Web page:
I’ve just finished a review of Simon Gathercole’s commentary on the Gospel of Thomas (for Journal of Ecclesiastical History), and it’s an impressive piece of work: The Gospel of Thomas. Introduction and Commentary. Texts and Editions for New Testament Study, 11. Leiden/Boston: Brill, 2015. At well over 700 pages, it’s weighty, but in contents as […]
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A new introduction and commentary on the Gospel of Thomas was published earlier this year: Simon J. Gathercole, The Gospel of Thomas: Introduction and Commentary (Leiden: Brill, 2014). Such detailed studies of the many fascinating extra-canonical texts of early Christianity are so few that it is a cause for celebration whenever one appears. And in […]
Back in March this year I mentioned that I’d read the proofs of Mark Goodacre’s (then-forthcoming) book, Thomas and the Gospels: The Case for Thomas’s Familiarity with the Synoptics (Eerdmans). It has now appeared and I’m pleased to point readers to it. For my comments on the book, my earlier posting is here.
In writing a commissioned essay on “Who Read Early Christian Apocrypha?” for a multi-author volume, I drew upon an earlier study I made a few years ago: “The Greek Fragments of the Gospel of Thomas as Artefacts: Papyrological Observations on Papyrus Oxyrhynchus 1, Papyrus Oxrhynchus 654 and Papyrus Oxrhynchus 655,” published in Das Thomasevangelium: Enstehung–Rezeption–Theologie, […]
I’ve just previewed a forthcoming book that mounts an impressive case for the view that The Gospel of Thomas reflects acquaintance with (and reaction to) the Synoptic Gospels (Matthew, Mark, Luke): Mark Goodacre, Thomas and the Gospels: The Case for Thomas’s Familiarity with the Synoptics (Eerdmans, forthcoming 2012). Goodacre is known in NT circles, especially […]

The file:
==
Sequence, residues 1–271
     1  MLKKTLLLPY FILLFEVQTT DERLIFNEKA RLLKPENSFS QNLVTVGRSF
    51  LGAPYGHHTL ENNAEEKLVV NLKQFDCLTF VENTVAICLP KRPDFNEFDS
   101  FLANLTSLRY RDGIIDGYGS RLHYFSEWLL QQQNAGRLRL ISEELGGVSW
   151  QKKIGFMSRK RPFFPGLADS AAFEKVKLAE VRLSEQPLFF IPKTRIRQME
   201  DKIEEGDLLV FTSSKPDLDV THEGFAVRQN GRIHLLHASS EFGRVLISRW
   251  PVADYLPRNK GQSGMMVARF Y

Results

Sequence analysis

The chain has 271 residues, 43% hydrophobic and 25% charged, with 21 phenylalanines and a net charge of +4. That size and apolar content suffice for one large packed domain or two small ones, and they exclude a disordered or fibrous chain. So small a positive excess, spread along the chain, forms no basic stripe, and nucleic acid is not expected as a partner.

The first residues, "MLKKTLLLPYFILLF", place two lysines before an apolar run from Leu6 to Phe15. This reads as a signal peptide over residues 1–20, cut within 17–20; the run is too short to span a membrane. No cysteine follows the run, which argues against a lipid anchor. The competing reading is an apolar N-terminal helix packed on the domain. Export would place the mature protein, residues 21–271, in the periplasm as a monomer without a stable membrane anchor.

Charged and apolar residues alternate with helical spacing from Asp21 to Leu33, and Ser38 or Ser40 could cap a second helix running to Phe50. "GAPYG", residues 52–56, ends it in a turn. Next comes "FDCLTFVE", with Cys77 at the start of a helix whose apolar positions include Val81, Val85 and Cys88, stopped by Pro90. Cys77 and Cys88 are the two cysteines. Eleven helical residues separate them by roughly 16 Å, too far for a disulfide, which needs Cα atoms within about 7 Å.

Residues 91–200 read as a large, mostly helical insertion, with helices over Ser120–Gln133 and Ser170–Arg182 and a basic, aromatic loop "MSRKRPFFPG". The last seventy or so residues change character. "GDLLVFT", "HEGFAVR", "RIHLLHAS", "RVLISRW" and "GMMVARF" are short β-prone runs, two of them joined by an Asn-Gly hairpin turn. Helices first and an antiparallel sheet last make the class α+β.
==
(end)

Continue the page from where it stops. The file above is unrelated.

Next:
Markus Bockmuehl’s new book, Ancient Apocryphal Gospels (Westminster John Knox Press, 2017), is a very good introduction to the subject. The publisher’s online catalogue entry is here. After an introductory chapter setting out the scope, intention and approach taken in the book, Bockmuehl then has chapters on “Infancy Gospels” (Infancy Gospel of James, Infancy Gospel […]
In my previous posting (here) about Simon Gathercole’s new and valuable introduction + commentary on the Gospel of Thomas, I mentioned one or two reservations, in that posting his omission of any reference to the possible technical meaning of “the tree” in Logion 30 (of the Greek text). The other matter I now mention is […]
In reading for review the recent (mammoth) multi-author volume, The Text of the New Testament in Contemporary Research: Essays on the Status Quaestionis, Second Edition, eds. B. D. Ehrman & M. W. Holmes (Leiden: Brill, 2013), one of the things that caught my attention was in Michael Holmes’ contribution, “From ‘Original Text’ to ‘Initial Text’” (pp. […]
One of the many curiosities in the study of the NT and earliest Christianity is the early history and fortunes of the Gospel of Mark (hereafter, GMark). On the one hand (assuming the dominant view of Mark’s priority), the GMark appears to have been very influential. It is widely thought that the authors of the […]
In some recent studies of early expressions of Jesus-devotion, there are some issues that need clarification. One of these recent studies is Iesus Deus: The Early Christian Depiction of Jesus as a Mediterranean God, by M. David Litwa (Fortress Press, 2014). I must begin by acknowledging the learning displayed and, most often, the carefully crafted analysis and […]